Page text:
The housing needs assessment in the 2020-2024 State of Tennessee Consolidated Plan identifies seniors; persons with physical, developmental, and mental health disabilities; victims of domestic violence; youth aging out of foster care; ex-offenders reentering society; veterans; and persons living with HIV/AIDS as the most at-risk populations in the state for experiencing housing cost burden. That document cites supportive services as critical for these populations to remain safe, independent, healthy, and stable, and also indicates a need for public services such as housing counseling, job training, fair housing education and outreach, and infrastructure improvements in low- and moderate-income communities. Like Ohio, Tennessee identified a number of households with severe cost burden, as well as many experiencing overcrowding and/or a lack of complete kitchen or plumbing facilities.

Also in 2020, Damon Allen, Senior Vice President – Housing & Community Investment Officer, completed his Capstone project in conjunction with his participation in Stonier School of Banking. The paper, titled Mobile Home Replacement & the Affordable Housing Program, focused on the reliance on mobile homes by residents of the Fifth District. In his research, Mr. Allen discovered that almost 650,000 households in the Fifth District either rent or own a mobile home, which are considered among the worst housing stock in the United States. He noted that for the majority of these households, utilities alone consume more than 50 percent of their incomes, and a mobile home is more likely to be owned or rented by a low-income or extremely low-income household. For this reason and others, the paper concluded that there is a need to replace mobile homes and that the Affordable Housing Program (“the AHP”) can be an effective resource to assist households to transition from mobile homes to manufactured, modular, and site-built homes.

Finally, the FHLB also continues to rely on its engagement with its affordable housing and community development partners (i.e., Sponsors) and its member financial institutions (i.e., Members), as well as the response (i.e., use) of the FHLB’s various programs. For example, there continues to be overwhelming demand for the FHLB’s Carol M. Peterson Housing Fund (“CMPHF”), which is an indicator of the continued need for subsidy for rehabilitation of homes owned by low- and moderate-income households, particularly those occupied by households with special needs and/or elderly individuals. Staff of the FHLB also continue to engage with the FHLB’s partners through participation in affordable housing panels and conferences.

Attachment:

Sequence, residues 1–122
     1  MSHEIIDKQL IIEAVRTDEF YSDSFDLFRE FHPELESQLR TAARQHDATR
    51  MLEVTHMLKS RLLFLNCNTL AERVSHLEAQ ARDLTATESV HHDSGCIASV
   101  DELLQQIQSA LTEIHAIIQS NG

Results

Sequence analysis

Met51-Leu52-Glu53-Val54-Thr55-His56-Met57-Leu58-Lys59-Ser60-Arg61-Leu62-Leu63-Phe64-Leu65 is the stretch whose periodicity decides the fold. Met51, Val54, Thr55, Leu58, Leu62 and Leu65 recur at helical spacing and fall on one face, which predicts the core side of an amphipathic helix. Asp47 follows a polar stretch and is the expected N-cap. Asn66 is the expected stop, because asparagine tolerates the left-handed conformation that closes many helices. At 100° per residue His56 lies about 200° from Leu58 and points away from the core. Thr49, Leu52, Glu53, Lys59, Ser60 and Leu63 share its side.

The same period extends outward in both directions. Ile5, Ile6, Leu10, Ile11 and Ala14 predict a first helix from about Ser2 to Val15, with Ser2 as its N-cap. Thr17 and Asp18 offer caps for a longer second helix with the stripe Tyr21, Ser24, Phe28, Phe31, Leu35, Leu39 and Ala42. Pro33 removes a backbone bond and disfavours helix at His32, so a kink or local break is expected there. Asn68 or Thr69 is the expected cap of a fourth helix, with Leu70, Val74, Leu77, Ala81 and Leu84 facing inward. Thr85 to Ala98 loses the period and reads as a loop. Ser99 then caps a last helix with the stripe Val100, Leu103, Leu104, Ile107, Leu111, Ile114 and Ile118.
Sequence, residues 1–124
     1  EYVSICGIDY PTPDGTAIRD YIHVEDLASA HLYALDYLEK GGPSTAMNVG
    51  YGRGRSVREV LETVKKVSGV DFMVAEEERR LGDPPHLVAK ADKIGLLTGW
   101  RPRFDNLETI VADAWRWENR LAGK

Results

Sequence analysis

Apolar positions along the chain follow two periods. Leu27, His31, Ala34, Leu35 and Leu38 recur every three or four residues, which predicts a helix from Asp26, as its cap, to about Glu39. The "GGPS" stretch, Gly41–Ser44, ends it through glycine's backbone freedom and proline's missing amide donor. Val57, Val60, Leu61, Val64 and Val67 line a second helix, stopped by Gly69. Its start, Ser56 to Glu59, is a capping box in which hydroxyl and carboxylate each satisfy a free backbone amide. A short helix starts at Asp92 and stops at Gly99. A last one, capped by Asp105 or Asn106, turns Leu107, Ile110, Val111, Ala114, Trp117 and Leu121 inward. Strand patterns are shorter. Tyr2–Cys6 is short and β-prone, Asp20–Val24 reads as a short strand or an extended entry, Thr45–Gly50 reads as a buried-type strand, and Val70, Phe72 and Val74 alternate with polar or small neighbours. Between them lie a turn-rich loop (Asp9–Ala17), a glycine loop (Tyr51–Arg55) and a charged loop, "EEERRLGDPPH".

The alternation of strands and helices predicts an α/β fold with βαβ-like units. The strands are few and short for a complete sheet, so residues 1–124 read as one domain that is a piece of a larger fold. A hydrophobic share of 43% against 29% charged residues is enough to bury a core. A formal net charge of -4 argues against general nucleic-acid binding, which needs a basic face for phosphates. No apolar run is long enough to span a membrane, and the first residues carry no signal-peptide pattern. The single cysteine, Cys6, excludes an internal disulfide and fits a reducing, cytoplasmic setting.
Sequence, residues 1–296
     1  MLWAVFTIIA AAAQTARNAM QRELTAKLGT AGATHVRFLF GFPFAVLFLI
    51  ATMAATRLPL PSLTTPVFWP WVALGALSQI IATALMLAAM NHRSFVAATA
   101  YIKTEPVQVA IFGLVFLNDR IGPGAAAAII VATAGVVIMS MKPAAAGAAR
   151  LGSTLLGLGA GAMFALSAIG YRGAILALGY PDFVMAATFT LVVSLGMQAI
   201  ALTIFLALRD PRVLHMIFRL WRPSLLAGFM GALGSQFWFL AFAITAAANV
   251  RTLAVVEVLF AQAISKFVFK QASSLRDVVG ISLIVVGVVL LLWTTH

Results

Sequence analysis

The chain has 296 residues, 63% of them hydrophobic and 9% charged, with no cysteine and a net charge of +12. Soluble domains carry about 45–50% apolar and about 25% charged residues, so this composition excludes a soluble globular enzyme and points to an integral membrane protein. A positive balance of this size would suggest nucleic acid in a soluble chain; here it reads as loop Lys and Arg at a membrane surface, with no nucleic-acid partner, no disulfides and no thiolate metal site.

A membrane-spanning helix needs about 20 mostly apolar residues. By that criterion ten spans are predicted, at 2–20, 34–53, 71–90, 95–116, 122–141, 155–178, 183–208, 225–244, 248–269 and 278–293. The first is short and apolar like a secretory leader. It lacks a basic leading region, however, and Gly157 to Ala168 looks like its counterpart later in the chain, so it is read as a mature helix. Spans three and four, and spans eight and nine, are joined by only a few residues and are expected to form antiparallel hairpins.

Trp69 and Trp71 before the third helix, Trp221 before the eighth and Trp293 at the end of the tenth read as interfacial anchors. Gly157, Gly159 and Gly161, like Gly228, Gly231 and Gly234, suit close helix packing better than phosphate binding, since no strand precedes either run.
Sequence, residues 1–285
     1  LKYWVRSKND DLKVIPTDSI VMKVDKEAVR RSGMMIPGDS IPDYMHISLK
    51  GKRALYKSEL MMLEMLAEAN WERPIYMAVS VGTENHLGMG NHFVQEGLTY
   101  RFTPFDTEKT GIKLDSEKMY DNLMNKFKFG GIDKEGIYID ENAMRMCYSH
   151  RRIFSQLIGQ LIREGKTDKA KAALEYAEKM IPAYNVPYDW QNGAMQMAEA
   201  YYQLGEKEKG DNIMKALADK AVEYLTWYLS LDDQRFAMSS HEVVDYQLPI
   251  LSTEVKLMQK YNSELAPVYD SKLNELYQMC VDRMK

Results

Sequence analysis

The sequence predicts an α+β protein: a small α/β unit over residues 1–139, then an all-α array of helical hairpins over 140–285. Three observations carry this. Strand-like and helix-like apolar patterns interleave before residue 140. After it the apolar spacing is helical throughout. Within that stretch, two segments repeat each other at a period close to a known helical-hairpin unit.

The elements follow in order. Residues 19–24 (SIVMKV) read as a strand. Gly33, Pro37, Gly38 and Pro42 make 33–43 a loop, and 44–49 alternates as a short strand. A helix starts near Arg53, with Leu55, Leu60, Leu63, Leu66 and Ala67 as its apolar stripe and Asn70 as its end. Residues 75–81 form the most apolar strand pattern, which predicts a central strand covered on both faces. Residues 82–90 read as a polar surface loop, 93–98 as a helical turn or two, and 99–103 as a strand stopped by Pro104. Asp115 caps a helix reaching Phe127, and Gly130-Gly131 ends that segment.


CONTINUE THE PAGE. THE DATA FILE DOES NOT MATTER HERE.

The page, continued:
As a result of the aforementioned, the FHLB has made the following determinations with regards to affordable housing and community development needs in 2021:

  1. There is an increasing need for the subsidy offered via the FHLB’s Housing and Community Investment Programs (“HCI Programs”), particularly for development of affordable housing for extremely low-income households and vulnerable populations such as those with special needs, elderly households, homeless individuals and households, and Veterans (especially disabled Veterans);
  2. Per the AHAC, there is also an increasing demand for supportive services for the aforementioned vulnerable populations (note: this is not an eligible use of subsidy under any of the FHLB’s HCI Programs);
  3. There is continued demand for funds for owner-occupied rehabilitation and preservation of existing affordable rental housing;
  4. Economic development continues to be an area of import as evidenced by the U.S. Treasury’s designation of approximately 12 percent of all census tracts (~8,700 census tracts) as Opportunity Zones;
  5. Studies show a need for additional resources in urban areas, though rural housing developers cite a need in their areas of operation, too;